The allowed rent increase percentage in San Francisco is 1.7%.
The percentage is effective March 1, 2024 through February 28, 2025.
Under the San Francisco Rent Ordinance, a landlord can only increase a tenant’s rent by a certain percentage once every 12 months. Find out if San Francisco's rental laws apply to you.
The Rent Board calculates the allowed rent increase percentage each year.
There is no limit on how much rent a landlord may first charge a tenant when renting an empty unit that is covered by rent control.Back to top
Get a rent increase license
A landlord must get a rent increase license before imposing annual allowable and/or banked rent increases on a tenant.
To get a rent increase license, a landlord must first report into the Rent Board Housing Inventory.
This is effective July 1, 2022 (or March 1, 2023 for condominiums and buildings with 1-9 residential units).Back to top
1.7% current allowed rent increase
Effective March 1, 2024, the allowed rent increase percentage is 1.7%. The percentage is effective through February 28, 2025.
Effective March 1, 2023, the allowed rent increase percentage is 3.6%. The percentage is effective through February 29, 2024.
This amount is based on 60% of the increase in the Consumer Price Index for All Urban Consumers in the Bay Area.Back to top
Calculate the rent increase amount
To calculate the dollar amount of the 1.7% annual rent increase, multiply the tenant's base rent by .017.
For example, if the tenant's base rent is $2,000.00, the annual increase would be: $2,000.00 x .017 = $34.00.
The tenant's new base rent would be $2,034.00 ($2,000.00 + $34.00).Back to top
Increase on base rent only
Landlords must calculate the rent increase on the tenant’s base rent only. This includes any housing services like parking or storage. It does not include any temporary passthroughs or fluctuating charges.
Rent increases cannot be rounded up to the nearest dollar.Back to top
Timing and anniversary date
A landlord can impose the first annual increase 12 months after the date the tenant’s lease began.
Once a landlord has increased a tenant’s rent, the date of the increase becomes known as the tenant’s “anniversary date.” The landlord cannot increase the rent again until at least 12 months later.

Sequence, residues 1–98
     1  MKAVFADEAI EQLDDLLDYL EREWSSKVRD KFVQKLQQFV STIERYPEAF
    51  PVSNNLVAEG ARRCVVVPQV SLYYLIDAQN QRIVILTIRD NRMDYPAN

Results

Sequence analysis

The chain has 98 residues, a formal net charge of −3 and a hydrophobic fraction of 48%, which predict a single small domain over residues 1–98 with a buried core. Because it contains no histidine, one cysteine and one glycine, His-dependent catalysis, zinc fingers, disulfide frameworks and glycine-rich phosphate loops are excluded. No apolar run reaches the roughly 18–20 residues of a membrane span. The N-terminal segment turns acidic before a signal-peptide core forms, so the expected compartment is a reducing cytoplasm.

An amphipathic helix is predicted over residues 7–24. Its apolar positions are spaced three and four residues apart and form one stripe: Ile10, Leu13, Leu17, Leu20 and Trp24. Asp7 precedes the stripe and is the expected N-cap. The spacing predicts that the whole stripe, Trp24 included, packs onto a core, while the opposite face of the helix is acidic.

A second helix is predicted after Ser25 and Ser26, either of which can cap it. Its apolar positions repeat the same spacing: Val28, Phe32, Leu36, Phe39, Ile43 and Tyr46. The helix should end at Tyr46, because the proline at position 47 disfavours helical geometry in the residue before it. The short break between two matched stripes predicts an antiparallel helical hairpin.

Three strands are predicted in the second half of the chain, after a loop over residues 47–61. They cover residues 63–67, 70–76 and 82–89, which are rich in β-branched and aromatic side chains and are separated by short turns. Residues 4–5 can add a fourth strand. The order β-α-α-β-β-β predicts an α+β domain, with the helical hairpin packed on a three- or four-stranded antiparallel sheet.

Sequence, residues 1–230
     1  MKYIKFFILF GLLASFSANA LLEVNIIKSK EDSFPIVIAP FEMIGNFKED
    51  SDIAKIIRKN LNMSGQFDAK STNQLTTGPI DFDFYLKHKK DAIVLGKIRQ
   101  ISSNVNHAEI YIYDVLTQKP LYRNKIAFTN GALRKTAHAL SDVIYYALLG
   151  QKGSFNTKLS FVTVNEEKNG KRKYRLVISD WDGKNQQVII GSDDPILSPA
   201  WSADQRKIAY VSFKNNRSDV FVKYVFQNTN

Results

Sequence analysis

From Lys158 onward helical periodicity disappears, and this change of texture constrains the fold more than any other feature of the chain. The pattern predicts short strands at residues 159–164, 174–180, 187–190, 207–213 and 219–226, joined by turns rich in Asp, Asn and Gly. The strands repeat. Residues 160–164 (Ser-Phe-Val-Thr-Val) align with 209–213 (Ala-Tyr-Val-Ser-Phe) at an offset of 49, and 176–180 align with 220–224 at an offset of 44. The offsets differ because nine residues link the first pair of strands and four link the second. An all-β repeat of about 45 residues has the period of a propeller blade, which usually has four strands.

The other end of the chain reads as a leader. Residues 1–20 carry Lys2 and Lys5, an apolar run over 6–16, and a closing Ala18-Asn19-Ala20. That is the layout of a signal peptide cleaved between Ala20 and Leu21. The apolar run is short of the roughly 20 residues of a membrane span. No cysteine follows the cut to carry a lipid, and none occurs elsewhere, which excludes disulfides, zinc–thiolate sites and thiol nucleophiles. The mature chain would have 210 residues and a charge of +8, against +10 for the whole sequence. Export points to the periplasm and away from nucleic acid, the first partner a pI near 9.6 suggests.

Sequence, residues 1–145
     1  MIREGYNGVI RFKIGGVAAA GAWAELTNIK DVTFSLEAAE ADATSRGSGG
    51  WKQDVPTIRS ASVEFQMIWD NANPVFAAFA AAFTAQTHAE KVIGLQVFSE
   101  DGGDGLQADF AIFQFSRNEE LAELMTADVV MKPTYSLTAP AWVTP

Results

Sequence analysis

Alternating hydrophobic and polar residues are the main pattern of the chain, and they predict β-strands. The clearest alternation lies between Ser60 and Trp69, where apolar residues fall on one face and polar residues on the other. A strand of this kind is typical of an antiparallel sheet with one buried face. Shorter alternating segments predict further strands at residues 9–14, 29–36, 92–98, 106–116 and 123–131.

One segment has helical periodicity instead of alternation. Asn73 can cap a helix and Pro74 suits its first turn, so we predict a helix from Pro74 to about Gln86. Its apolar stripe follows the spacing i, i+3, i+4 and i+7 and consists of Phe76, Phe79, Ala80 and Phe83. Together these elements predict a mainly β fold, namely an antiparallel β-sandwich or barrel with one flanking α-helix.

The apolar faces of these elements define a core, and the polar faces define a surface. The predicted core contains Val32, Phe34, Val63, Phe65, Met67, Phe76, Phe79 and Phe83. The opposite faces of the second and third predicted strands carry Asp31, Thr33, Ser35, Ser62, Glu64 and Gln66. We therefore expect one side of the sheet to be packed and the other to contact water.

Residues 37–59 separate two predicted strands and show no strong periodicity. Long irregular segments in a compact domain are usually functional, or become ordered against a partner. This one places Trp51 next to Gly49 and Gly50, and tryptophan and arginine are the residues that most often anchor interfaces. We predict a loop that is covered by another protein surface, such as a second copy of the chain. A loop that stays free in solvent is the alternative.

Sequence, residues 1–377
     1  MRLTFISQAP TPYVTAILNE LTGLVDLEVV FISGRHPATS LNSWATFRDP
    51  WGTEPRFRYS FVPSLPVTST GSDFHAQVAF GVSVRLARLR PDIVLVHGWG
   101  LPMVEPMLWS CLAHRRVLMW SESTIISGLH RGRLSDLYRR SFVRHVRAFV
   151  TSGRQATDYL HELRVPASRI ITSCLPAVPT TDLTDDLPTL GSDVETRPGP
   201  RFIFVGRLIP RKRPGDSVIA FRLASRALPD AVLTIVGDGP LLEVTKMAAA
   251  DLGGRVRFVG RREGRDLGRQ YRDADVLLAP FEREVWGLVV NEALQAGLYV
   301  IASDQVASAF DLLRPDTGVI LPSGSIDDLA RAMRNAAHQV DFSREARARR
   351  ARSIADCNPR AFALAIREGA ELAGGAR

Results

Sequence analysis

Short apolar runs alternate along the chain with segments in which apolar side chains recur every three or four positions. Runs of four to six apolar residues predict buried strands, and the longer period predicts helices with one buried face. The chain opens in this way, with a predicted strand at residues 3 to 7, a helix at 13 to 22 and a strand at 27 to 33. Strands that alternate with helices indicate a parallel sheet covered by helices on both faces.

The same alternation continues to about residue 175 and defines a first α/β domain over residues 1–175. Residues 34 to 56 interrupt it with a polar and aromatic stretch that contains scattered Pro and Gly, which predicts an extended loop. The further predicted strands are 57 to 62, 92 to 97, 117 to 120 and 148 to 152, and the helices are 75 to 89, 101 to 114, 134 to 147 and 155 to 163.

If a landlord increases the rent more than 12 months later, the effective date of the increase becomes the tenant’s new anniversary date. The landlord must wait at least 12 months to increase the rent again.Back to top
A landlord that does not increase a tenant’s rent on their anniversary date, can save (or “bank”) the increase and add it later.Back to top
A landlord must give a tenant:
- 30-day written notice of the proposed rent increase
- 90-day written notice if the increase (either by itself or combined with another increase in the same year) is more than 10%
If the notice is mailed, the landlord must give the tenant 5 more days.
The rent increase notice should include the:
- Dollar amount of the increase
- Percentage amount of the increase
- Date the increase will go into effect
The landlord should use the percentage that will be in effect on the date of the increase, not the percentage in effect on the date they serve the notice.Back to top
A landlord cannot charge additional rent simply because a new (or additional) roommate has moved into a unit with the existing tenant. This is an unlawful rent increase, even if the lease or rental agreement provides for the additional charge.Back to top
Landlord petitions and passthroughs
Tags: Topic 050
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